You would also have to ascertain the location of your physical criminal records. Usually, the records are available with the court that convicted you. Contact the department or court owning your records and let them be aware of your plans to file an expungement petition. In several cases, they would have instructions and forms that specifically concern that jurisdiction. Make sure to carefully go through all the documents provided to you.

The petition-filing process won’t be simple. And since you would be dealing with a lot of legal processes and terms in the forms, it’s recommended you have an attorney taking your side. Remember, if you fail to execute the petition process right, all your efforts would go in vain.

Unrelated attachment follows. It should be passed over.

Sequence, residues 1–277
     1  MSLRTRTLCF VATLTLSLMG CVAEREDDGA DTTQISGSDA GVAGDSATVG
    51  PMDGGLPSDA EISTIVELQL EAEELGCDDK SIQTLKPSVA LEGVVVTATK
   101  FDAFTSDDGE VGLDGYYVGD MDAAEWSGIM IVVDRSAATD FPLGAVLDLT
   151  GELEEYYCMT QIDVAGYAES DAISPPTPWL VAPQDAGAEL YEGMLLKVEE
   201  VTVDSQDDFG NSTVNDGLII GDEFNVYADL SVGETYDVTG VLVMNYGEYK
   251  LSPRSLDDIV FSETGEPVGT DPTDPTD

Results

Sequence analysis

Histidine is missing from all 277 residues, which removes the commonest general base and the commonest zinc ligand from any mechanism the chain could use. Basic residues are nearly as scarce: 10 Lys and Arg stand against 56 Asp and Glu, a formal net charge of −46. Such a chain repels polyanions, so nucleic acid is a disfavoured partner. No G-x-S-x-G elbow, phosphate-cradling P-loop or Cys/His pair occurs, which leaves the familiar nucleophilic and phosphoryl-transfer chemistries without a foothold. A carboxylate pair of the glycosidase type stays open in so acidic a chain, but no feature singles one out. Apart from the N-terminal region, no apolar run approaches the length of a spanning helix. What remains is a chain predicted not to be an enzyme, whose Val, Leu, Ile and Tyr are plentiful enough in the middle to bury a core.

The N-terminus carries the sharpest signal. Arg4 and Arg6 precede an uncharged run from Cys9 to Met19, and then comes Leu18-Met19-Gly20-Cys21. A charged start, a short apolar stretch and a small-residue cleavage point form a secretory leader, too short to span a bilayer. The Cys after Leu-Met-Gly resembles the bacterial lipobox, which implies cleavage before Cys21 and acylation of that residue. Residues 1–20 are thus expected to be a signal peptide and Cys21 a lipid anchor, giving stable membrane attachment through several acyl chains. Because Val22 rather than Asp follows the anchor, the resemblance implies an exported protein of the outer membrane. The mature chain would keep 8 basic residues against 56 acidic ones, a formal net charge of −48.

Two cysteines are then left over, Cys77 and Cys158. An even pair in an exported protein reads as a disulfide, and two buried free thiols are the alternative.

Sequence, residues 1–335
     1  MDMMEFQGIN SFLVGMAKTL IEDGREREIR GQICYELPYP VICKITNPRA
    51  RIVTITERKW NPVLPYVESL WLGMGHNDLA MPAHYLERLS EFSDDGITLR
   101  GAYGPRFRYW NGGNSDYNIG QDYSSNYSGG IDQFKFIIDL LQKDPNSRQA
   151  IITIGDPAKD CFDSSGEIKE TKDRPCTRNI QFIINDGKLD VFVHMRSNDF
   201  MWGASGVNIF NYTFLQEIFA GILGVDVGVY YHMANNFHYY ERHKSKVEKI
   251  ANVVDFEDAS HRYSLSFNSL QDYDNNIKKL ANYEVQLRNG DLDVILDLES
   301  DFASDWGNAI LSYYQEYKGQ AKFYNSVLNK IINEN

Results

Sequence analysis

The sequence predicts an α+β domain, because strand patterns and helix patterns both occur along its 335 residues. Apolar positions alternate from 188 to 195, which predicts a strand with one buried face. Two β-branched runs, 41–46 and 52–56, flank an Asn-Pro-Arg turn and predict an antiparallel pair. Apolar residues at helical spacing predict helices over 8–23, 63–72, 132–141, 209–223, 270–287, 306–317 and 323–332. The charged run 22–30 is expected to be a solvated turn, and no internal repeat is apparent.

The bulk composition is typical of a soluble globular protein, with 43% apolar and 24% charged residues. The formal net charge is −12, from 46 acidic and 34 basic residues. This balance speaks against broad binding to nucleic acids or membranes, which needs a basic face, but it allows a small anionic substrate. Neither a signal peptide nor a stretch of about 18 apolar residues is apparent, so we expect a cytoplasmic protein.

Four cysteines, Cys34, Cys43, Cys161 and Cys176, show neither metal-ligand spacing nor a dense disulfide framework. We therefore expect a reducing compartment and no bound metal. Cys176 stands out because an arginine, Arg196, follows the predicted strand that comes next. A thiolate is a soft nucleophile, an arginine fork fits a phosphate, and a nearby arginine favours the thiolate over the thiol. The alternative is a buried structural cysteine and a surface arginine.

Quite often, to complete an expungement petition, you would require several items. For starters, you must head to the police department and procure a couple of fingerprint sets. You would most probably require an arrest record copy and court record too, as these documents would have to be included within your petition. Even if those attachments don’t matter, the records have information usually required, such as arrest date, case numbers, and conviction date. Moreover, you would need funds to pay the necessary fee since filing an expunge petition isn’t free.

Will And Estate Legal Services